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Re: has bzip2 compression been deprecated?
Hi Tim
       When you say in hive a table data is  compressed  by using LZO or so. It means the file/blocks that contains the records/data are compressed using LZO. The size would be same as the size of file/blocks in hdfs. It is not like records are stored as individual blocks in hive. Hive is just a query parser that parse SQL like queries into MR jobs and run the same on data that lies in HDFS.
When you a have larger chained jobs generated with multiple QLs you may end up in more number of small files. There you may go in for enabling merge in hive to get sufficiently larger files by merging thE smaller files as the final output from your queries. This would be better for subsequent MR jobs that operate on the output as well as optimal storage.

Hope it helps!..

Bejoy K S

-----Original Message-----
From: Tim Broberg <[EMAIL PROTECTED]>
Date: Mon, 9 Jan 2012 12:27:47
Subject: RE: has bzip2 compression been deprecated?

Out of curiousity, when hive records are compressed, how large is a typical compressed record?

Do you have issues where the block size is too small to be compressed efficiently?

More generally, I wonder what the smallest desirable compressed record size is in the hadoop universe.

    - Tim.

From: Tony Burton [[EMAIL PROTECTED]]
Sent: Monday, January 09, 2012 10:02 AM
Subject: RE: has bzip2 compression been deprecated?

Thanks Bejoy - I'm fairly new to Hive so may be wrong here, but I was under the impression that the STORED AS part of a CREATE TABLE in Hive refers to how the data in the table will be stored once the table is created, rather than the compression format of the data used to populate the table. Can you clarify which is the correct interpretation? If it's the latter, how would I read a sequence file into a Hive table?


-----Original Message-----
From: Bejoy Ks [mailto:[EMAIL PROTECTED]]
Sent: 09 January 2012 17:33
Subject: Re: has bzip2 compression been deprecated?

Hi Tony
       Adding on to Harsh's comments. If you want the generated sequence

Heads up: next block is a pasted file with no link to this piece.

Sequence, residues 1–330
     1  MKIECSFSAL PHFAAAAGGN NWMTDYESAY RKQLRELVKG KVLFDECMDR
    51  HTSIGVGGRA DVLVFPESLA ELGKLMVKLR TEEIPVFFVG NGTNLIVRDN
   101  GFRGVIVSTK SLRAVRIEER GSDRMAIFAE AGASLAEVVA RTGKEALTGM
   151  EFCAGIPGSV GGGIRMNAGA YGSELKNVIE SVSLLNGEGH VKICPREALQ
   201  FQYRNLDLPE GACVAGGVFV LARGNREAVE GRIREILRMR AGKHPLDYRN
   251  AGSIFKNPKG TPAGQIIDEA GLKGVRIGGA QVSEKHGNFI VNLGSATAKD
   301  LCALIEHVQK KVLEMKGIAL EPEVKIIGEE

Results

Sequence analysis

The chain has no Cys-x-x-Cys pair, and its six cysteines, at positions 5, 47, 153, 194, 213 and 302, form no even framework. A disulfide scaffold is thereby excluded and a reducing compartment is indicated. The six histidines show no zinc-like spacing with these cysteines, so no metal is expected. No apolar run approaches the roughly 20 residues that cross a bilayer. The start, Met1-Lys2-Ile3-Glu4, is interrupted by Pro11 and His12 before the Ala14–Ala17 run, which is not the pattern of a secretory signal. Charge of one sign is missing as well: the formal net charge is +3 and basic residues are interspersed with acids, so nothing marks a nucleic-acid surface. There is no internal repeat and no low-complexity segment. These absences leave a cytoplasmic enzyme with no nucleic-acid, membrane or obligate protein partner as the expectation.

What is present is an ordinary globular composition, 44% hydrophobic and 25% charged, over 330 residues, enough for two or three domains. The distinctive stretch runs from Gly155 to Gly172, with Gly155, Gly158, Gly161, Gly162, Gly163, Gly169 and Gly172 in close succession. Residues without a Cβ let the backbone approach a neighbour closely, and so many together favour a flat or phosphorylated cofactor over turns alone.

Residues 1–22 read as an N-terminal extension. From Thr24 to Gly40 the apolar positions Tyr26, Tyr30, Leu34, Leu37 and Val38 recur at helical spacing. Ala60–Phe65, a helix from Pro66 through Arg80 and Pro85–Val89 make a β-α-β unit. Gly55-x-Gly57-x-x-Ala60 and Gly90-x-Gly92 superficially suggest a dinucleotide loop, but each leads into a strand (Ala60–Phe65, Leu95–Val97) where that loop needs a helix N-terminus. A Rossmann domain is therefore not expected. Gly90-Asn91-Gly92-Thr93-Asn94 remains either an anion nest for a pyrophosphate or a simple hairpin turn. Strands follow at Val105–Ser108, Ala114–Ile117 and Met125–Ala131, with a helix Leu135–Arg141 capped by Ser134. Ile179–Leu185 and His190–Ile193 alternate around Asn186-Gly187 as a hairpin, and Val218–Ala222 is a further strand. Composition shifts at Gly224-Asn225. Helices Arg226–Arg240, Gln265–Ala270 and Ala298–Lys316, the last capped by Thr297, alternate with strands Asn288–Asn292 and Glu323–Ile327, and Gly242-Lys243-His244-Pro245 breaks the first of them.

files to be utilized by a hive table. Define your hive table as


On Mon, Jan 9, 2012 at 10:32 PM, alo.alt <[EMAIL PROTECTED]> wrote:

> Tony,
> snappy is also available:
> http://code.google.com/p/hadoop-snappy/
> best,
>  Alex
> --
> Alexander Lorenz
> http://mapredit.blogspot.com
> On Jan 9, 2012, at 8:49 AM, Harsh J wrote:
> > Tony,
> >
> > * Yeah, SequenceFiles aren't human-readable, but "fs -text" can read it
> out (instead of a plain "fs -cat"). But if you are gonna export your files
> into a system you do not have much control over, probably best to have the
> resultant files not be in SequenceFile/Avro-DataFile format.
> > * Intermediate (M-to-R) files use a custom IFile format these days,
> which is built purely for that purpose.
> > * Hive can use SequenceFiles very well. There is also documented info on
> this in the Hive's wiki pages (Check the DDL pages, IIRC).
> >
> > On 09-Jan-2012, at 9:44 PM, Tony Burton wrote:
> >
> >> Thanks for the quick reply and the clarification about the
> documentation.
> >>
> >> Regarding sequence files: am I right in thinking that they're a good
> choice for intermediate steps in chained MR jobs, or for file transfer
> between the Map and the Reduce phases of a job; but they shouldn't be used
> for human-readable files at the end of one or more MapReduce jobs? How
> about if the only use a job's output is analysis via Hive - can Hive create
> tables from sequence files?
> >>
> >> Tony
> >>
> >>
> >>
> >> -----Original Message-----
> >> From: Harsh J [mailto:[EMAIL PROTECTED]]
> >> Sent: 09 January 2012 15:34

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